Formerly, filing an application for asylum in the United States was a simple process. The new Illegal Immigration Reform and Immigrant Responsibility Act of 1996 makes significant changes to the asylum application process of which all aliens need to be aware.
All prospective asylum applicants need to know that, beginning April 1, 1997, any alien found to have filed a frivolous application for asylum is permanently barred from receiving ANY immigration benefits. This does not apply simply if the application is just denied. This permanent bar from any immigration benefits applies only if it is determined that the asylum application contains no merit whatsoever. This shall apply only to applications filed after April 1, 1997.
Next, in order for the application to even be initially considered, several new burdens must be met by the applicant. First, unless the Attorney General determines that accepting the alien would be in the public interest, the applicant must not have any other country in which he or she would be safe from persecution on the basis of race, religion, nationality, membership in a social group or political opinion.
Second, the application for asylum must be filed within one year from the date the alien arrived or entered into the United States. This time limit includes any time during which the alien is legally admitted in the U.S. on a nonimmigrant visa.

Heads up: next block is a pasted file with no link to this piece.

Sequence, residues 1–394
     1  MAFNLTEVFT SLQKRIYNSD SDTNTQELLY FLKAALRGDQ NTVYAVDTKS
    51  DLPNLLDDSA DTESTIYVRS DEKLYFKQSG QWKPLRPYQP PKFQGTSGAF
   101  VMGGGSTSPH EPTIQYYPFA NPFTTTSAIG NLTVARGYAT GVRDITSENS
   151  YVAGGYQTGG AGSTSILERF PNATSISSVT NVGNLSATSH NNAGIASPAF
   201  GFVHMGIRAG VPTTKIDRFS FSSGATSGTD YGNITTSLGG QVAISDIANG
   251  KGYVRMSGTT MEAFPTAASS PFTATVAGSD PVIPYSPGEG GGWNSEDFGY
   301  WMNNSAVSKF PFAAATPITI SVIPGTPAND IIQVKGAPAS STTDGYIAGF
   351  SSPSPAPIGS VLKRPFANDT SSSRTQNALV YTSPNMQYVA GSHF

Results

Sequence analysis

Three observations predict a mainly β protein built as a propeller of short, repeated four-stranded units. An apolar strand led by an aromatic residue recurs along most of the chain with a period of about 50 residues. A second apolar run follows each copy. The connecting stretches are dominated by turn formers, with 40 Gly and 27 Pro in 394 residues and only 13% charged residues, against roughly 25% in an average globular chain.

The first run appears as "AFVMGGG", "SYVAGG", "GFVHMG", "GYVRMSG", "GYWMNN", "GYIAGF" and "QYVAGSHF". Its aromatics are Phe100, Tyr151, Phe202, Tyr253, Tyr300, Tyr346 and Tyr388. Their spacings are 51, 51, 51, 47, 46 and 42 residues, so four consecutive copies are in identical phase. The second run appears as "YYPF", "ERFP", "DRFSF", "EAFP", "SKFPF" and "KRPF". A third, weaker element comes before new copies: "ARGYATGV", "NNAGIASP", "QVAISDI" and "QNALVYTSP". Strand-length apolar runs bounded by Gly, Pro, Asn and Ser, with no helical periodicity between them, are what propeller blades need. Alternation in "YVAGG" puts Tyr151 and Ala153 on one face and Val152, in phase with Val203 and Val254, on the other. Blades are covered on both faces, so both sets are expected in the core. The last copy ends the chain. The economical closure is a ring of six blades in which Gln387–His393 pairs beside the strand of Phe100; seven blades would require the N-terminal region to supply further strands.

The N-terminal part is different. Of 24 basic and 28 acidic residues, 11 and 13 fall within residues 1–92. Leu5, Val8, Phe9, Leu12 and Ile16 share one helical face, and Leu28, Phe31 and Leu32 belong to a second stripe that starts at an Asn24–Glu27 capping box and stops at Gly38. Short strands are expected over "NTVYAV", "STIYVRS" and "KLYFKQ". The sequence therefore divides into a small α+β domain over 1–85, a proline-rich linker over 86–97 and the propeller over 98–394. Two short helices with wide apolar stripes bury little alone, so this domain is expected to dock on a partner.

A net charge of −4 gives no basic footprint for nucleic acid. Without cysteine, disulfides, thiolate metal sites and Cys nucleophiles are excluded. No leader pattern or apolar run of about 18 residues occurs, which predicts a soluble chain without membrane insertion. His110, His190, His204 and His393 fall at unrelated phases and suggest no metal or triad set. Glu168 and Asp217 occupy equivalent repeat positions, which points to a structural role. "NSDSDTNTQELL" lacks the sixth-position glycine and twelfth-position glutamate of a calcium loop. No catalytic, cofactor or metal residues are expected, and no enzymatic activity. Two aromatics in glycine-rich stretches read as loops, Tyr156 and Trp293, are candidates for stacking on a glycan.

Third, anyone who has previously filed an asylum application that was later denied may not file another one. The only exceptions to the time limit and the previous application rules is when circumstances which would materially change the applicant’s eligibility for asylum have taken place or extraordinary circumstances exist which explain the delay in filing the application.
After the application has been filed, the asylum interview must take place within 45 days and the final administrative adjudication must take place within 180 days. Work authorization may only be granted 180 days after the application for asylum has been filed. Therefore, typically, the applicant will have received a decision on his or her even before work authorization is even available to the applicant.
Remember that these new changes will require much more expertise than might have been required in the past. Please consult an experienced attorney before making a move that may jeopardize your future in the United States.